Name: M. Y.
Date: June 2004
I will want to ask how does acoustic material work in
sound insulation; what is the principle behind it? Is there any other
ways to reduce the loudness of the sound?
Sound waves are reflected when they hit a hard surface. Providing an absorbent surface can reduce
some of the reflected sound. In a "hard" room, soft materials such as absorbent ceiling panels,
carpeting on the floor, and drapes or special absorbent wall coverings, will reduce noise by
reducing the reflected sound. Only reflected sound can be treated as described, while direct sound
will not be affected.
Porous materials of varying density and composition are generally used as sound absorbers to convert
sound energy into heat within the open pores of the material. In order to maintain the best
absorption values of the chosen materials, the air channels should all be open to the surface so
that sound waves can propagate into the material. If pores are sealed, as in closed cell foam
material, the material is generally a poor sound absorber. Pores should not be sealed by paint,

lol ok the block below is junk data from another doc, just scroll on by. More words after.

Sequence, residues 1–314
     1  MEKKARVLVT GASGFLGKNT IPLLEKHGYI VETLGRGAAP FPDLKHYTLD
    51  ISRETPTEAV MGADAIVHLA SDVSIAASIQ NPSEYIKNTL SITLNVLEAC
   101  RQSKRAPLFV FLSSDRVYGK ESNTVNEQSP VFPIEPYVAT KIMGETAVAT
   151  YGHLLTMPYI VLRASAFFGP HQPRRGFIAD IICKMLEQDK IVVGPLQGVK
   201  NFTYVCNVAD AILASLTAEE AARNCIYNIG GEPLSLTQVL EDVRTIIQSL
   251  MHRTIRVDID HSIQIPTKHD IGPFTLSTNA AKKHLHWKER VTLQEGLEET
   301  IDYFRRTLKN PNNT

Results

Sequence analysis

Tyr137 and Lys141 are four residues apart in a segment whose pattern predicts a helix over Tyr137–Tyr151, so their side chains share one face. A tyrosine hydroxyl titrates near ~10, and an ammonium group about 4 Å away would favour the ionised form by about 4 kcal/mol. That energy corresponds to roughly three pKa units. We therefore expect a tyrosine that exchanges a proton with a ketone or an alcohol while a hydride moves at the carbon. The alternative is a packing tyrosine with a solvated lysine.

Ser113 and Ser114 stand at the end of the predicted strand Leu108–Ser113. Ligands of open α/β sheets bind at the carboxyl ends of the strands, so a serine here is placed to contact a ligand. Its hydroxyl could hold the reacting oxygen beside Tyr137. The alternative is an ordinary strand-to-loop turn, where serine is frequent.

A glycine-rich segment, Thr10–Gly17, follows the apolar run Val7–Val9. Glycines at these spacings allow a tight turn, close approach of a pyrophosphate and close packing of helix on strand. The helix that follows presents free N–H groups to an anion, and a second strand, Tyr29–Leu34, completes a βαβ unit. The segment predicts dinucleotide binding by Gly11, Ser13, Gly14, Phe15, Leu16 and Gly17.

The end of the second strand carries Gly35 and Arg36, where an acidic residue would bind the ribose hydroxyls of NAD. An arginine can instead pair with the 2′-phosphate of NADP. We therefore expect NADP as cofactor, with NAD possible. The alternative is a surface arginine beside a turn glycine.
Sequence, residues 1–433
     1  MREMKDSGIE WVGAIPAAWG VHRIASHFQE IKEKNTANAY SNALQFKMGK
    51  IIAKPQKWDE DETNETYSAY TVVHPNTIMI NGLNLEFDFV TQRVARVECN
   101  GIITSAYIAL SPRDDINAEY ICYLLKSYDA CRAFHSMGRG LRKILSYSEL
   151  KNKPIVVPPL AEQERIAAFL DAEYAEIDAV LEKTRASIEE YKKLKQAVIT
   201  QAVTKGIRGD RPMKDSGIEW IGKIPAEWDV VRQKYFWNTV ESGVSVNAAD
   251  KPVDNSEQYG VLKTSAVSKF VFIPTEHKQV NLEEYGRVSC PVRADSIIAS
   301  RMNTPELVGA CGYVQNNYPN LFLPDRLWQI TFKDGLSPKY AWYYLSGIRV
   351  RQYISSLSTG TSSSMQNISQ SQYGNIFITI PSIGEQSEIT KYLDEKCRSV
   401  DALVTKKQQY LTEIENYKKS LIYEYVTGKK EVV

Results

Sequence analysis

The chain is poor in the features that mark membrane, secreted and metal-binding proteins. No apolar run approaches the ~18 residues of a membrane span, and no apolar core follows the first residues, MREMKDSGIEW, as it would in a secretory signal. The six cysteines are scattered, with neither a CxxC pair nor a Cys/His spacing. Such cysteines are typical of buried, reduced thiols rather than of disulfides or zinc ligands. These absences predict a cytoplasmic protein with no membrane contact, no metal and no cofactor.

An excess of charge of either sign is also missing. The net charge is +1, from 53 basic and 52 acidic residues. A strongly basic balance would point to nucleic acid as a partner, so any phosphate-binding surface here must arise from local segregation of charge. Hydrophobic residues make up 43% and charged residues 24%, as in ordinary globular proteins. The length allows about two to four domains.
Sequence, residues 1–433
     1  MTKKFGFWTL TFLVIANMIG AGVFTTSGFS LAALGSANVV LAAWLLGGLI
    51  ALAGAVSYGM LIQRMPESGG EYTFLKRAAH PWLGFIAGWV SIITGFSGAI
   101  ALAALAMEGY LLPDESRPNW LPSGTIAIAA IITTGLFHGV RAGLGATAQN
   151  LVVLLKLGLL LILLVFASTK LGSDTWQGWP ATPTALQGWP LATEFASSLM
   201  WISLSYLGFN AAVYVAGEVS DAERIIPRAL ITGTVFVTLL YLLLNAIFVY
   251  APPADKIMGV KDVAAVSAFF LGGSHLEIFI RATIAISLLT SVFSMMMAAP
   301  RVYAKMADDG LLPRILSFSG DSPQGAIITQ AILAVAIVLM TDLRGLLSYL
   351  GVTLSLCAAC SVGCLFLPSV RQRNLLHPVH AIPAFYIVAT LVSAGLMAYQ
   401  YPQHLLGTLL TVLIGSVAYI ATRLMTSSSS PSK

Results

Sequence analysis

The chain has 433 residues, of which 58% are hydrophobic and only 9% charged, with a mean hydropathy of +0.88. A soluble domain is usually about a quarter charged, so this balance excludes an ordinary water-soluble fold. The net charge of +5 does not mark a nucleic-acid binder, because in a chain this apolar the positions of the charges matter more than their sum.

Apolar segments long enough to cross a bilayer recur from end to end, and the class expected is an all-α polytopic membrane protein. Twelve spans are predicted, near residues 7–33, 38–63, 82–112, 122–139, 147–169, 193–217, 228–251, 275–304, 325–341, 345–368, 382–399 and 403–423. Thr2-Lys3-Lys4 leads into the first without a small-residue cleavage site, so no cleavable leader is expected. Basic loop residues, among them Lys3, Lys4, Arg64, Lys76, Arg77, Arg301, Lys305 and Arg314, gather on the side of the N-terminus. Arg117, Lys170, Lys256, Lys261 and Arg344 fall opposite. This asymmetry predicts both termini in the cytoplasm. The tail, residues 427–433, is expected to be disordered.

or coverings, and any protective shielding for the absorbing material should generally be
In evaluating materials for their ability to absorb sound energy, its ability to absorb sound is
usually provided in the form of an absorption coefficient. The absorption coefficient is defined
as the ratio of sound energy absorbed by a given surface, to the sound energy incident upon that
surface. The absorption coefficient can vary from 0 to 1. If, for example the absorption
coefficient is 0.9, then 90% if the sound energy will be absorbed by that material. Most porous
absorbers are more efficient at high frequencies, while improving the materials thickness, or mass,
can increase low frequency absorption..
The above has been taken from a web handout from SILEX Sound Corporation on the World Wide Web. I
hope that this helps.
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Update: June 2012